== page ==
Baker Lake voted in January 2018 to remove its liquor limitations and the measure took effect in April. Mikkungwak said the RCMP and Family Services staff were “overwhelmed” by the resulting workload in the following months. Although he said it wasn’t “all negative,” he said there were more visibly drunken people in the streets.

Prior to Dec. 14 in Kugluktuk, the Alcohol Education Committee, comprising local residents, could limit orders to a maximum of two 60-ounce bottles and two 40-ounce bottles of spirits, 48 cans of beer

and four litres of wine every two weeks. The committee was disbanded when liquor restrictions were lifted.

Nunavut’s Liquor Act allows the Department of Finance, which oversees liquor permits, to deny a permit to individuals on a prohibited list, which is generated through the courts. However, it is very rarely used, and there is currently no one on that list.

Several other Kugluktuk residents declined to speak on the record about changes they’ve seen in the community over the past several months.

“I’m hoping it levels out,” Nivingalok said of the increase in alcohol-related criminal complaints.

Fact file
Alcohol-related complaints to the Kugluktuk RCMP
2019 (compared to same month in 2018)
January – 60 files (up 37)
February – 48 files (up 19)
March – 108 files (up 54)
April – 57 files (up 20)
May – 72 files (up 13)
[the lifting of liquor restrictions took effect on Dec. 14]
Source: RCMP

Alcohol ordered into Kugluktuk (in litres)
September 2018 – 1,181
October – 1,397
November – 1,446
December – 1,640
January 2019 – 1,805
February – 1,840
March – 2,194
*not including the personal exemption allowing residents to bring up to three litres of spirits, nine litres of wine or 26 litres of beer into the community with them on flights.
Source: Department of Finance


Removal of alcohol restrictions brings trouble to Kugluktuk

Ford government’s proposed alcohol policies will increase harms, researchers say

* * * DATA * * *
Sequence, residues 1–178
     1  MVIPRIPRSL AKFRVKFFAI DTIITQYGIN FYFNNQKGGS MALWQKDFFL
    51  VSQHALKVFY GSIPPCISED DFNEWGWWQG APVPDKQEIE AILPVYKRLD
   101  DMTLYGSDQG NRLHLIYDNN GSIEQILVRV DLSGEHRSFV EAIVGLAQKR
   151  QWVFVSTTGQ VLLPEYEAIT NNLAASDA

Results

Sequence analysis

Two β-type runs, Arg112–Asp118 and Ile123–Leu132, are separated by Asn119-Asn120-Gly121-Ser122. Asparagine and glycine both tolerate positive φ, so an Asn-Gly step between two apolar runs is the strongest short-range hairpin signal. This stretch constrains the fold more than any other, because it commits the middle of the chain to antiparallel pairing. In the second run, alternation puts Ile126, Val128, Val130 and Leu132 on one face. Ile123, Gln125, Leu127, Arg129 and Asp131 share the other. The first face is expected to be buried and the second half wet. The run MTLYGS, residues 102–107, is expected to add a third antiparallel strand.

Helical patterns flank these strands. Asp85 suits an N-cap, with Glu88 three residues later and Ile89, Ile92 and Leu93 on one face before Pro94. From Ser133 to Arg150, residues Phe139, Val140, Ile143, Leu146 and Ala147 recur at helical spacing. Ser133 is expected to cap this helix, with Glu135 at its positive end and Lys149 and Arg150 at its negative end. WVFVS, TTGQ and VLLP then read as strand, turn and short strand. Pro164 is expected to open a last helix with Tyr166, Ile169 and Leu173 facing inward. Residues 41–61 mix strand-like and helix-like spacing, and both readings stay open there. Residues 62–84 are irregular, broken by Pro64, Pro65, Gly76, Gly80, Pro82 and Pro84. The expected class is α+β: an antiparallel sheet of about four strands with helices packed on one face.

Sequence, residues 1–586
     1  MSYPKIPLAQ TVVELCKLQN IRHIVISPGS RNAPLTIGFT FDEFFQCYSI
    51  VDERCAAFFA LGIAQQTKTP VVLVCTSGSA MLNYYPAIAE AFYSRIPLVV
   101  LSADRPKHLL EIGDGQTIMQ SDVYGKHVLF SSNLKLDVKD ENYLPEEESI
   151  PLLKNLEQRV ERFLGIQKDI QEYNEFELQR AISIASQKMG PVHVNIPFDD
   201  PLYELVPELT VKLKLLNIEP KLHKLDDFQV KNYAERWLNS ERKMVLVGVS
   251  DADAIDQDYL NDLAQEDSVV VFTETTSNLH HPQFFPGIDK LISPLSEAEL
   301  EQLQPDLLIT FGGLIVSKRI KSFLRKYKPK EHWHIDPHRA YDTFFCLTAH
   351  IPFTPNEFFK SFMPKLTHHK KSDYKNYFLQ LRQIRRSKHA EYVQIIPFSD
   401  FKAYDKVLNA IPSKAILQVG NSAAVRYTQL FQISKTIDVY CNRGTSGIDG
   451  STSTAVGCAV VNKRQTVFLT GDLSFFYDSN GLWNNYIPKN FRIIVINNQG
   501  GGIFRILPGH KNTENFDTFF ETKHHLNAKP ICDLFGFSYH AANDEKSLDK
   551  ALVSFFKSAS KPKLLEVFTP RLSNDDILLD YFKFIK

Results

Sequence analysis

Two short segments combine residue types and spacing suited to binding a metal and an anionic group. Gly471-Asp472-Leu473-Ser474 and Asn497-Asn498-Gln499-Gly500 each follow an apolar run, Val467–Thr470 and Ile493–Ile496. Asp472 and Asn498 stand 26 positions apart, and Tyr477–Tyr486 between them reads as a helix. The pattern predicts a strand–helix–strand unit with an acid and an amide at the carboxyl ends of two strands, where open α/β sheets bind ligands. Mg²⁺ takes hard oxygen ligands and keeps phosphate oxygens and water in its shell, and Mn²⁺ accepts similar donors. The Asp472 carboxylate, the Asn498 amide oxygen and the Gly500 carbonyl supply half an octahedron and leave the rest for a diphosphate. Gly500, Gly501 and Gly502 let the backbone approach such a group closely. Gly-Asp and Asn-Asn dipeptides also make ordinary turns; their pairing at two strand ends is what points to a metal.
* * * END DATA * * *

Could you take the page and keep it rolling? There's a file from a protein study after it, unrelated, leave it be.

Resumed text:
TORONTO – A group of researchers is sounding the alarm over the Ontario government’s planned changes to alcohol policy, saying the relaxed rules will lead to more consumption that can bring an increase in crime, hospitalizations and even death.

The warning comes in a report from Toronto’s Centre for Addiction and Mental Health and the University of Victoria’s Canadian Institute for Substance Use Research.


Titled “Canadian Alcohol Policy Evaluation,” the report finds that until the new rules were announced, Ontario had some of the most effective alcohol policies in the country when it came to reducing harm.

However, researchers say the changes recently announced by the Progressive Conservative government – including wider availability, increased hours of sale and legalizing tailgate parties – will lead to increased harms.


Ford government’s proposed alcohol policies will increase harms, researchers say

Ontario has an alcohol crisis – and the government is making it worse

Daniel Myran is a family physician based in Ottawa who is completing a residency in Public Health and Preventive Medicine at the University of Ottawa, and recently completed a Master’s of Public Health at Harvard with a research focus on the impact of alcohol-control policies in Canada.

If you had to find a topic that Kathleen Wynne and Doug Ford would agree upon, increasing access to cheap alcohol probably wouldn’t be your first guess. Yet dismantling decades-old policies used to protect Ontarians from alcohol harms – everything from alcohol-related car crashes to liver disease – seems to be one of the few bipartisan issues left in Ontario.